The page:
• increasing spatial and sectoral integration of labour markets, in particular among metropolitan and non-metropolitan areas; and
  • larger and better targeted non-contributory government transfers.

(Raising the minimum wage played a role via 1 and 3.)

They further report on the significant role of education. The 1990s was marked by an accelerated expansion of basic education in Brazil. As a result, the degree of inequality in education declined markedly. At the same time, the skill premium – the differences in the returns to education, particularly for those with secondary and higher education vis-à-vis workers without schooling or with incomplete primary schooling – also declined. The combined effect of these two factors – a fall in the inequality of education and a fall in the steepness of the returns to education – explains half of the decline in the inequality of labour earnings and almost 30% of the decline in household per capita income inequality.

It is remarkable that the wage premium declined in the face of the global trends in technical change alluded to earlier. This was the result of the strong supply-side effect of the accelerated expansion of basic education in Brazil (Lustig, Lopez-Calva & Ortiz  2011).

The strong backdrop to these changes in the labour arena was a policy of macroeconomic stability with firm control of fiscal deficits. This was extremely important, given Brazil’s history of high inflation, with spirals of price increases being chased by nominal wage increases to maintain real wages – and with nominal exchange rate depreciation adding to the explosive mixture.

The prominence of the macroeconomic stability objective was a distinctive feature of both the social democratic party (Cardoso’s presidency) and the workers’ party’s (Lula’s presidency). With this key component of an implicit grand bargain agreed upon and helped by the long period of commodity price increases up to 2008, the other components were put in place: the expansion of basic education, minimum wages and conditional cash transfers.

It is very important to note the time lags: it was a decade before the effects of the expansion of basic education on inequality were felt. The South African political imperative is to address the unemployment problem over the 3-5-7 year time horizon – and to do so without expanding employment in the public sector to fiscally unsustainable levels.

Thoughts for South Africa

The Brazilian experience can at best be only a stimulus to South African thinking on its core policy dilemma. Here are some thoughts on possible contours of a grand settlement:

  • Fiscal rectitude will have to be a key component of the package. We can discuss the detailed quantitative magnitudes involved, and it could be argued that the devil is indeed in the details, but this element is essential.
  • Expanding public investment in education and health (i.e. human capital), as the basis of raising productivity and reducing inequality, is essential. Again, the detail matters. But the benefits of this will only come slowly, over a decade or more. (Of course, the same is true of other medium-term tracks such as industrial policy.)
  • In the short run, competing in the world economy on a low real-wage track is not a feasible and in some quarters not a desirable policy option.
  • Publicly provided employment can at best be a temporary insurance intervention. The bulk of employment will have to come from the private sector.
  • Given these constraints, the focus in the short run – the feasible and desirable track – may have to be to reduce non-labour cost of private sector employment. It could provide quick gains on the employment front.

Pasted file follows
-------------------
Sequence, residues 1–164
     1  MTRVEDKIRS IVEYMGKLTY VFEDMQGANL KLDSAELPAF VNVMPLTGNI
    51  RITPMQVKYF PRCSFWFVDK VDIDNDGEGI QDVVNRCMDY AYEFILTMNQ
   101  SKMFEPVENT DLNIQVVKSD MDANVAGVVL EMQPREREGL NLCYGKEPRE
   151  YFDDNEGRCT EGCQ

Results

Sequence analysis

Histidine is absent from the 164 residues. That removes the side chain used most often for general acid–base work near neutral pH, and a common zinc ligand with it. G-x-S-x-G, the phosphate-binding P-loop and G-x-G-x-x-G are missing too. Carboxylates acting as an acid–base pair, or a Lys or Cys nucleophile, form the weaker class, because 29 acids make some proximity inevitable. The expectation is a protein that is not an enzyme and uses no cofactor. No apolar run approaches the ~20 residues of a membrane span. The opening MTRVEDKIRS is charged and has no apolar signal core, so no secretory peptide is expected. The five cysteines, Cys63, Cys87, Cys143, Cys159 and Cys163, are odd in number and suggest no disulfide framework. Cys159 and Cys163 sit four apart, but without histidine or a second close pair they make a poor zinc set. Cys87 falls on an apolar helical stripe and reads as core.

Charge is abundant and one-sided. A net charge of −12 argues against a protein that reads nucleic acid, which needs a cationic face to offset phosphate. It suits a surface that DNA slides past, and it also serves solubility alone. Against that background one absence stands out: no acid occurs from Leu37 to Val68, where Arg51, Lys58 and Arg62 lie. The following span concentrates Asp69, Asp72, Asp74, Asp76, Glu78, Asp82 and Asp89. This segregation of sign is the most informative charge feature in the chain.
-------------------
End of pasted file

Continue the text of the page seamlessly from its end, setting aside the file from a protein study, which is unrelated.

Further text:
The dilemma in South African policy can perhaps be crystallized as follows. How can unemployment be reduced significantly in the short run (a time horizon of 3-5-7 years) without lowering the real wage and without increasing the public-sector wage bill?

A focus on the non-labour cost of employment for the private sector opens up a policy agenda which might be less contentious, and more amenable to consensus than one focused on reducing labour cost. It also highlights how little we know in detail about the impact of non-labour cost on employment. A conventional response might be that the non-labour cost of employment account for less than 30% of total cost, therefore the impact is unlikely to be large. But this could potentially confuse average cost with marginal cost.

In addition, we can think of non-labour cost in a broad rather than a narrow sense and so bring in a wider range of possible policy responses. Here are some examples, each of which needs further study to quantify them:[2]

  • public infrastructure improvements for enterprises in their current location;
  • infrastructure improvements and specific financial inducements for enterprises to move to high unemployment locations;
  • steps to reduce the high reservation wage induced by the high cost of transportation to work;
  • steps to reduce monopoly and concentration on the product side in order to expand output and thus employment; and
  • the reduction of the regulatory and other constraints on the expansion of activity in small-scale informal activities.

Conclusion

I think the elements of a ‘grand bargain’ may have to comprise a move away from a ‘reduce-labour-cost’ approach to employment policy in return for an agreement on fiscal rectitude and the non-expansion of the public-sector wage bill. Within the fiscal constraints, the medium-term strategy would be to build up human capital through investment in education and health, while the short-term strategy, over the crucial 3-5-7 year time horizon, would be to reduce the non-labour cost of private-sector employment.

There is plenty of room for debate on the specifics, of course, but this combination may move us away from a divisive discourse towards an assessment of the details of each instrument in the context of a potential overall consensus.

Written by Ravi Kanbur, T.H. Lee Professor of World Affairs, Cornell University